When you try your best but you don’t succeed…

Today, our midterm grades were released in Research Methodology and I/O Psychology subjects. The passing [transmuted] grade for major subjects such as those mentioned is 76. I got a 74.

And I could make excuses for myself such as summer classes use a different grading system than classes taken in the regular semesters, or I was high on antibiotics and suffering from acute pharyngitis during the major exams so I naturally got lower scores, or its okay there is still the finals, but that does not change the fact that I failed in a standardized-slash-objective evaluation of academic performance.

Does that make me a dunce? Probably not. Does it make me feel like crap? Definitely.

The fact that doing well regularly on a daily classroom discussion, actively participating when I am so afraid of speaking, and doing everything in my power to get decently high scores in quizzes are not enough to earn me a passing grade is simply devastating.

I always hear people talking about how the educational system in the Philippines doesn’t cater to the different, the creatives, and the “I need some time to process these information” type, but I never felt it in its full impact the way I did today.

I’ve always been good at being standardized. People often say I am intelligent when in fact, all I did was memorize a bunch of stuff that I will probably forget about in a month. So when I am in a situation where memorization is out of the question (disoriented from a sickness and the drugs prescribed for the cure), I obviously fail at it. And I hated it.

I hated the feeling I got while reading the questions in the test, knowing I read it somewhere in my notes, or remembered my professor mention something about it in class, but I can’t remember the term so I couldn’t give a proper answer. I hated knowing that if I wasn’t sick at that time I would have probably shined and even got an 86 or something.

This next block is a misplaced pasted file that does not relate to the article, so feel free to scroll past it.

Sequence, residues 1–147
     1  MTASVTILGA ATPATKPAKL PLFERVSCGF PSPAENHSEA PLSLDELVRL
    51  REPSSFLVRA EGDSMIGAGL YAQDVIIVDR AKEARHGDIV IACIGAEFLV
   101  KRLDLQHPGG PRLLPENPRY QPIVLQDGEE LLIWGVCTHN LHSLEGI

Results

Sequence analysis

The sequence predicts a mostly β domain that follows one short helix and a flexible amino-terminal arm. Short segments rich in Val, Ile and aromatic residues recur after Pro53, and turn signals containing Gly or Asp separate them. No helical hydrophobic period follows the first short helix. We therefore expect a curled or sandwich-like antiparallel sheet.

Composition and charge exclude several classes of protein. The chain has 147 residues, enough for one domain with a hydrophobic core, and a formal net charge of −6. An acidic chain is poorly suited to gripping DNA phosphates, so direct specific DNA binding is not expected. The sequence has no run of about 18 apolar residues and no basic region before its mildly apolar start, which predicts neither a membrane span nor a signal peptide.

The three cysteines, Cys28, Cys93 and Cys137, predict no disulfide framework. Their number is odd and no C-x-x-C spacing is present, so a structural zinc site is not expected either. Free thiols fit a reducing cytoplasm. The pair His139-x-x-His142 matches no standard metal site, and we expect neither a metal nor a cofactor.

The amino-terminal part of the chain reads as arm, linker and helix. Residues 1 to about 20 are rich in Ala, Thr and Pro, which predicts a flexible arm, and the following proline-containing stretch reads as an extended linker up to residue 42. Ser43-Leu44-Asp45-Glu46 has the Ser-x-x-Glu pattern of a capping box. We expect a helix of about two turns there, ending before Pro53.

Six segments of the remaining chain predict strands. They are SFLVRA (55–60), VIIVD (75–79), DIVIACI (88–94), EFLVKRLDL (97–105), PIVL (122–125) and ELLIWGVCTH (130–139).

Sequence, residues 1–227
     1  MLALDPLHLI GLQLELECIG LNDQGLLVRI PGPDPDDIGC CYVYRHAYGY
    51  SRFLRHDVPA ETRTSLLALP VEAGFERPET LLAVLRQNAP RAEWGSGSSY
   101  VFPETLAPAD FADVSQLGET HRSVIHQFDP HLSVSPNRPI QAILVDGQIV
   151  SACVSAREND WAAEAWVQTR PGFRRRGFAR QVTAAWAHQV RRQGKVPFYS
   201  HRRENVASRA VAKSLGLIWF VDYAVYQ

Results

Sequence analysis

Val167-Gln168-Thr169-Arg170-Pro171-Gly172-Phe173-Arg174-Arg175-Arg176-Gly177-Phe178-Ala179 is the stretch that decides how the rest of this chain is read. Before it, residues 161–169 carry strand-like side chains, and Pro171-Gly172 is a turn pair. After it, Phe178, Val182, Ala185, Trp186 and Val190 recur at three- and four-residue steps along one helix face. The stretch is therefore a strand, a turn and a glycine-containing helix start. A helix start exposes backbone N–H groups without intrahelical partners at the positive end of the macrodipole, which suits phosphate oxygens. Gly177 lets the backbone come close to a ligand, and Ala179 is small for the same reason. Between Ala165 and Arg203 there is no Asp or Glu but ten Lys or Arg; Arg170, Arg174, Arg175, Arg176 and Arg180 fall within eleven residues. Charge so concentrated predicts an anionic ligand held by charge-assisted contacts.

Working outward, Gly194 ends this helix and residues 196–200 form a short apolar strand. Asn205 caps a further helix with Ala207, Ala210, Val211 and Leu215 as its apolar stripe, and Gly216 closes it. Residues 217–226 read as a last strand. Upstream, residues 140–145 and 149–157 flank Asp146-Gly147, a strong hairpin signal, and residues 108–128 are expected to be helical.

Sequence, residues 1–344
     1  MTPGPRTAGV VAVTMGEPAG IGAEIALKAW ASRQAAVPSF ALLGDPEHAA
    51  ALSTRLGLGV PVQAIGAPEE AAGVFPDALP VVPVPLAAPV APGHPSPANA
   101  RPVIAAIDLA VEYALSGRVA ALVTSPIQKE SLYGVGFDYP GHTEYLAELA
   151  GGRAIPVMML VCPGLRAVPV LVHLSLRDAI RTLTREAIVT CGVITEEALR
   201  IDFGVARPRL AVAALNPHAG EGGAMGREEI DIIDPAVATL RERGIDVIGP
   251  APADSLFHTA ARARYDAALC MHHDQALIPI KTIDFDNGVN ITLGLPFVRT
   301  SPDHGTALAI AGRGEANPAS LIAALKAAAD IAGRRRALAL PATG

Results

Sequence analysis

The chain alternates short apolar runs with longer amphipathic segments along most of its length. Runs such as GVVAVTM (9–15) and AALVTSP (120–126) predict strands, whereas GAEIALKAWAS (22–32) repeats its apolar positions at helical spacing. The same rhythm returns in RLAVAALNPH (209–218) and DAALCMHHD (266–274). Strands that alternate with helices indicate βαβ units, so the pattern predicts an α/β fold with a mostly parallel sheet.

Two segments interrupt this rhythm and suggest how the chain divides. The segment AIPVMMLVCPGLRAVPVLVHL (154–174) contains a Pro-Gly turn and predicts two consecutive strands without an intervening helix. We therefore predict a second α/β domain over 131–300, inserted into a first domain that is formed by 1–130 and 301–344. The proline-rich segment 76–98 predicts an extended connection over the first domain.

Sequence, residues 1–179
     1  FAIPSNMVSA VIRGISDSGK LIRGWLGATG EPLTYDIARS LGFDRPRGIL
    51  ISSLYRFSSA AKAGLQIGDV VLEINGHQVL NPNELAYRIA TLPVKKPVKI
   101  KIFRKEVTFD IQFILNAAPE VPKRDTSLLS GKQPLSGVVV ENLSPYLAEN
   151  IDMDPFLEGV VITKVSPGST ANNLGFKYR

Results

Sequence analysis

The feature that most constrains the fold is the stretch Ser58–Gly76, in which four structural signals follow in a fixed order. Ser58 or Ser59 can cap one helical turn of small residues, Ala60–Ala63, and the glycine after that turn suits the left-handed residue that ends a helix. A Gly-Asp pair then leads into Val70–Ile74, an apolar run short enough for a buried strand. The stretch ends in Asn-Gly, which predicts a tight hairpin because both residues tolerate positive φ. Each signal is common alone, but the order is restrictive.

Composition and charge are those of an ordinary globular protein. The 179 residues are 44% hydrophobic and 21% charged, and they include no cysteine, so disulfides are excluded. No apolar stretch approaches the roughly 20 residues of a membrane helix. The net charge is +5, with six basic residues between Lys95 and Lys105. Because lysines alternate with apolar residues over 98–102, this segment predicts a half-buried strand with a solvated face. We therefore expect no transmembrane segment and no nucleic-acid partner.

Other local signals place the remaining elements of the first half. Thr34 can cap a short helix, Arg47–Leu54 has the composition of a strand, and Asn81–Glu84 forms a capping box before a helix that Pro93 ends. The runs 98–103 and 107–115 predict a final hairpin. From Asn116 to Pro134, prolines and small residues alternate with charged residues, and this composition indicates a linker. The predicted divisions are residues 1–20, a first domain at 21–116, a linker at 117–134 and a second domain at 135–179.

Sadly, the grading system does not consider “Effort” as an objective criteria. There are no grades, no incentives or recognition for trying hard.

I realized that the educational system of the Philippines is designed for shaping and honing manufacturers. Blend in, do what society dictates is right and pleasing, do a good job and you will be considered a success. Here, there is no room for innovation and ingenuity. That is why most Filipino inventors sell their inventions to foreigners and those foreigners get the patent for it.

Here no one praises you for trying. Your value is dictated by the worth of the goods you produce. Your efforts do not matter, what’s important is the quality of your output. If you are slow in getting things done, you are already a failure and a nuissance.

Average is success in this country. If you go above the norm you are seen as a threat and people will try to pull you down. If you go below the norm, you will be de-valued and ridiculed for your incompetency.

Psychology should be about acknowledging the uniqueness of every human being, but psychologists are measured and trained to measure with a one-size-fits-all instrument.

The irony of things. We aim to measure the differences between our clients but we are gauged based on the distance of our deviation from the norm. We strive for culture-fair tests and fail miserably at considering that maybe, just maybe, standardization is not the key.

Constructivists argue that reality is subjective to each individual. What might be true for you might not be true for me.

Dearest standardized education, you might think that only those who get a certain score are qualified to pass. But we are all students learning at different paces and styles. Please do not normalize the curve. Surely there is a better way of evaluating a person’s achievement than stardized tests.

Then again, maybe I am just bitter about my grades.

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